Stunning ‘beach shack’ on remote Australian beach is 100% self-sufficient

April 23, 2019 by  
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Sydney-based firm  Casey Brown Architecture  has unveiled a gorgeous home in Great Mackerel Beach, a remote coastal area in South Wales. Conceived as a modern beach shack, the Hart House is tucked deep into a steep cliffside looking out over the ocean. Only accessible by boat, the home, which is covered in an aluminum shell, is completely off-grid thanks to solar panels on the roof, a water collection system and an onsite waste system. According to the architects, the home’s simple box volume is a “contemporary interpretation of the quintessential one-room Australian beach shack.” The house sits back from the shoreline and is tucked into a rising cliffside covered in natural vegetation. Using the incredible landscape as additional inspiration, the architects focused on creating an  energy-efficient home that would be both resilient and self-sustaining. Related: Circular, solar-powered beach house is a sustainable holiday retreat Because of its remote location, the home is only accessible by water, which meant that the structure had to not only be resilient but self-sufficient. A rooftop array of solar panels generates enough energy to meet the needs of the residents. Additionally, the design has an integrated rainwater collection system, and waste is processed on-site. Clad in a corrugated aluminum shell, the beach house is well-protected from the local climate , such as the harsh salt environment, cold winds and even bushfires. Only the front of the home is left exposed with a large glass wall made up of several floor-to-ceiling panels that provide an abundance of natural light and stunning views of the ocean. The home’s corrugated aluminum shell is punctuated with small openings, framed in large Corten Steel frames, which allow for optimal cross ventilation. The interior design of the three-story home creates a harmonious connection with the surrounding natural environment. Lined in birch plywood with timber flooring and large windows, the top floor living space is a warm, light-filled oasis. Spotted gum was chosen to build the front deck as well as the doors and windows because of its sustainable profile as well as its natural fire resistance. Under the living space is a bedroom that leads out to a terrace constructed from  sandstone  harvested onsite. The terrace sits on a base, also made of sandstone, that cascades down toward the beach through various stepped retaining walls. + Casey Brown Architecture Via Wallpaper Photography by Rhys Holland via Casey Brown Architects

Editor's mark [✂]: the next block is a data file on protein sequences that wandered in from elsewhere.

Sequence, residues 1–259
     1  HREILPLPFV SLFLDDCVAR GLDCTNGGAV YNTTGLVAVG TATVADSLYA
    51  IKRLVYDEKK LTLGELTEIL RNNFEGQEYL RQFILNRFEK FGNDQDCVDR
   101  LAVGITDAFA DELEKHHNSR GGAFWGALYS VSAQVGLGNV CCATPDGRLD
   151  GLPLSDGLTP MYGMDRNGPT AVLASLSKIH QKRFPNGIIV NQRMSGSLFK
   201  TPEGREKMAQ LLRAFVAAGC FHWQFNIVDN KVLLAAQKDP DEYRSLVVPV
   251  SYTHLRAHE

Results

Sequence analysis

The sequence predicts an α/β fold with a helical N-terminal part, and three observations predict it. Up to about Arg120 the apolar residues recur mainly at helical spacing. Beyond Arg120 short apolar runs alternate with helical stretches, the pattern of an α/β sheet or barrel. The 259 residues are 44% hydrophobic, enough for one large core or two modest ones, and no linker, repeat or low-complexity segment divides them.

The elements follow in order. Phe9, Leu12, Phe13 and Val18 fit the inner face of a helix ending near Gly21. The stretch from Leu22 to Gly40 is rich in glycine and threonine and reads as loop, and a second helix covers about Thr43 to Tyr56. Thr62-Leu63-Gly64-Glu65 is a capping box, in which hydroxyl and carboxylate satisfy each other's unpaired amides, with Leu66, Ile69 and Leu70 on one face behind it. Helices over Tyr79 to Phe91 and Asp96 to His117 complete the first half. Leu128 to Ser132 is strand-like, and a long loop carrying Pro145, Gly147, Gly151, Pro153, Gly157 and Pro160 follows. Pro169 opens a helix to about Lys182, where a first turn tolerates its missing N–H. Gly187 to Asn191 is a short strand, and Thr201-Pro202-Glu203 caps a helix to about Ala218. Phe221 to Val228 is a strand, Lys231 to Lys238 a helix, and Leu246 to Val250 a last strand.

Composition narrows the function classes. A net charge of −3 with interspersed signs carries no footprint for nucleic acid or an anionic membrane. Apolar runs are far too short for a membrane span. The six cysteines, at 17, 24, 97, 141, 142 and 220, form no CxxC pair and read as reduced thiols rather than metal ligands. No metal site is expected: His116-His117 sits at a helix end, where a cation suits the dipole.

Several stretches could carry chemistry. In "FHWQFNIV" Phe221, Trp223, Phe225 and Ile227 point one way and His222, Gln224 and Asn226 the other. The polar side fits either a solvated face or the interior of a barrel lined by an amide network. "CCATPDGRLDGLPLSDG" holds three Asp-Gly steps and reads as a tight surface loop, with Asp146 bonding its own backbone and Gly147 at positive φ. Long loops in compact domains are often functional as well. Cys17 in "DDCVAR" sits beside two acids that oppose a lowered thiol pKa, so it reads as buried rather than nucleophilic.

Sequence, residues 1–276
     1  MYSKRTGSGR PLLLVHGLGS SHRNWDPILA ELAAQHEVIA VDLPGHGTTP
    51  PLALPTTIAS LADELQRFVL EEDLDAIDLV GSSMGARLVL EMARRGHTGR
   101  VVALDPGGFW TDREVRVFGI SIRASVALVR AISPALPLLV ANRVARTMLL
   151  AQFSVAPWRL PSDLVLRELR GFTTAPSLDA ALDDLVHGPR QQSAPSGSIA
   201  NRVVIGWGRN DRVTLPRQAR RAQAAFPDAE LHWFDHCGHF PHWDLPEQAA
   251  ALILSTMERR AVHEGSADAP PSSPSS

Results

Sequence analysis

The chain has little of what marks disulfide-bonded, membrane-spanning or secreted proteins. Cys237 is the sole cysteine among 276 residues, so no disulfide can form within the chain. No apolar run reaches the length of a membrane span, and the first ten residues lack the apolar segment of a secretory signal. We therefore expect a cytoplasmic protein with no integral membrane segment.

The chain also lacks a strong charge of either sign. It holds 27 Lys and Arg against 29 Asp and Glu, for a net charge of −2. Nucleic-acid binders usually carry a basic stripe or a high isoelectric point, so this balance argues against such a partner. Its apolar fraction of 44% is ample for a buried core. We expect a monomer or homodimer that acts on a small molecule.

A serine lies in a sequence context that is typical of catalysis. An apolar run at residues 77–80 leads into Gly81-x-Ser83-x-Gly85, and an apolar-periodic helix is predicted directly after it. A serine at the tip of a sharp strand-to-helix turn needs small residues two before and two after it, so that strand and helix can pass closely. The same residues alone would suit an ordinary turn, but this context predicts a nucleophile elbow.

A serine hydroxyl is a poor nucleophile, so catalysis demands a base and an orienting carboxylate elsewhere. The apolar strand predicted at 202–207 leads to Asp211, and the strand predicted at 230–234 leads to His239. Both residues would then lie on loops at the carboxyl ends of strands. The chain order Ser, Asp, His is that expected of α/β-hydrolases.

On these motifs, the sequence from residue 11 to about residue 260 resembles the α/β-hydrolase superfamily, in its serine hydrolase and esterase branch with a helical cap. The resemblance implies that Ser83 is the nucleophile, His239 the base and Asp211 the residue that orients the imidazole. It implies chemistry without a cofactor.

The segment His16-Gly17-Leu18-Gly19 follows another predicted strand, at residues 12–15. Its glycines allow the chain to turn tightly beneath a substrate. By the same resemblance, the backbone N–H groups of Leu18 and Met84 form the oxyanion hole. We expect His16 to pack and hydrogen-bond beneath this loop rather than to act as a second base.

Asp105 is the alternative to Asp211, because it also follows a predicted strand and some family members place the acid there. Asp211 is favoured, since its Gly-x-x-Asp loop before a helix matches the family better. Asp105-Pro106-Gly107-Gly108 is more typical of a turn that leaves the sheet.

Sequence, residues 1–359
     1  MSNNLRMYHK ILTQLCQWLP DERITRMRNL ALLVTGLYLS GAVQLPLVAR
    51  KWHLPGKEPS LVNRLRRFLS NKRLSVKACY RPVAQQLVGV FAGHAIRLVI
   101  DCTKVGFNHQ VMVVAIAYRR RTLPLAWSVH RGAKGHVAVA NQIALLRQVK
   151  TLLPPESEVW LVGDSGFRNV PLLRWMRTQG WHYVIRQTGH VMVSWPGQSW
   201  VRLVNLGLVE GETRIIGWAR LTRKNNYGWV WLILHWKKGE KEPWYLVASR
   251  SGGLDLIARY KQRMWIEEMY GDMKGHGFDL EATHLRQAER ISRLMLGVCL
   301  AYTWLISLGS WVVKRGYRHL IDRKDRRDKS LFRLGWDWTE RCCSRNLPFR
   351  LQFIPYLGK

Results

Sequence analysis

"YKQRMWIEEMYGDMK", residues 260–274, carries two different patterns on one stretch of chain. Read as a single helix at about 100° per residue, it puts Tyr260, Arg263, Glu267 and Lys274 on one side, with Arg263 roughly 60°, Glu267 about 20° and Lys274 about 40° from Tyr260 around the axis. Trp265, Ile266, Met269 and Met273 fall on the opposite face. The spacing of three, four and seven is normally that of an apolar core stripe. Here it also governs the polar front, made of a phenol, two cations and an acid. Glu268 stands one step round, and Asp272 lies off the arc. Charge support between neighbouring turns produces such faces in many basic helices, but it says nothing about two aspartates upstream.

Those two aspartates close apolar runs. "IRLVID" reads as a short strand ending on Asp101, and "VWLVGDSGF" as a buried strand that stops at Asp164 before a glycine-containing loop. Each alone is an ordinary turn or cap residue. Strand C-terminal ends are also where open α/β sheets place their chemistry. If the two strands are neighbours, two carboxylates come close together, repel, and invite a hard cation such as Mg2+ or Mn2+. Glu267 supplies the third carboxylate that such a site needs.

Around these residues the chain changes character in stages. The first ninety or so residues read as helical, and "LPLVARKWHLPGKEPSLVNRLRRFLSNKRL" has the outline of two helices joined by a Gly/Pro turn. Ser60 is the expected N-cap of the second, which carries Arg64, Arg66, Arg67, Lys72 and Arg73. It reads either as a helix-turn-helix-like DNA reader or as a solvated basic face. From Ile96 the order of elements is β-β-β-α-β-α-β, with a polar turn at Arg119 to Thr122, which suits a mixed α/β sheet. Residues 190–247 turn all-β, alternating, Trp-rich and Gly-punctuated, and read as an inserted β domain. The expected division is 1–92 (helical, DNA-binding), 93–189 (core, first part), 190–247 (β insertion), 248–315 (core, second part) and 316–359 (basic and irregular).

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Stunning ‘beach shack’ on remote Australian beach is 100% self-sufficient

This futuristic, solar-powered travel trailer can be pulled by small cars

April 22, 2019 by  
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There’s no dispute that travel trailers are gaining popularity among those looking to get off the grid and use fewer natural resources, especially while enjoying activities such as camping and road tripping. At 760 pounds and just over 12 feet in length, the Polydrop trailer is an impressive option for your next adventure. Created by architectural designer Kyung-Hyun Lew, this travel trailer has a lightweight frame and sleeps two people comfortably. For the minimalist traveler, it has pretty much all the essentials. The 2017 prototype was so lightweight that the designer was able to travel for an entire year with the personal trailer hitched to a small 4-cylinder car. The attention gained from Lew’s initial 2017 trip influenced the newer 2019 version with improved parts. Inside the wooden cabin bolted to the aluminum frame, there is a three-quarter-sized mattress, three sections of storage cubbies, two USB outlets and a vented roof. The interior is lit with recessed  LED lighting , and thick insulation protects inhabitants from all sorts of weather while saving energy. Heating (controlled by a thermostat), lighting and the electronic system are all powered by a solar panel. Related: Lume Traveler offers panoramic sky views from an open roof There is also a kitchenette with cabinets for electric hookups as well as two storage drawers in the rear. Unlike other travel trailers , the Polydrop doesn’t leave much room for the kitchen space, but the makers insisted that it has all the essentials for a camping trip at a site with separate facilities, like restrooms and benches, available. This isn’t your grandfather’s travel trailer — the Polydrop makes use of a polygonized teardrop shape with a super modern design and a futuristic feel. Safety wise, Timbren Independent suspension and hydraulic disk brakes get the job done for safe driveability. For the unfussy traveler who just needs a place to rest and some storage, the Polydrop certainly offers a successful approach to camping and road-tripping. The simplicity with a sleek, modern design is perfect for those looking for something not quite as bulky as a traditional travel trailer but more comfortable than a tent. + Polydrop Via Curbed Images via Polydrop

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This futuristic, solar-powered travel trailer can be pulled by small cars

This elevated prefab home in Chile takes in striking volcano views

April 18, 2019 by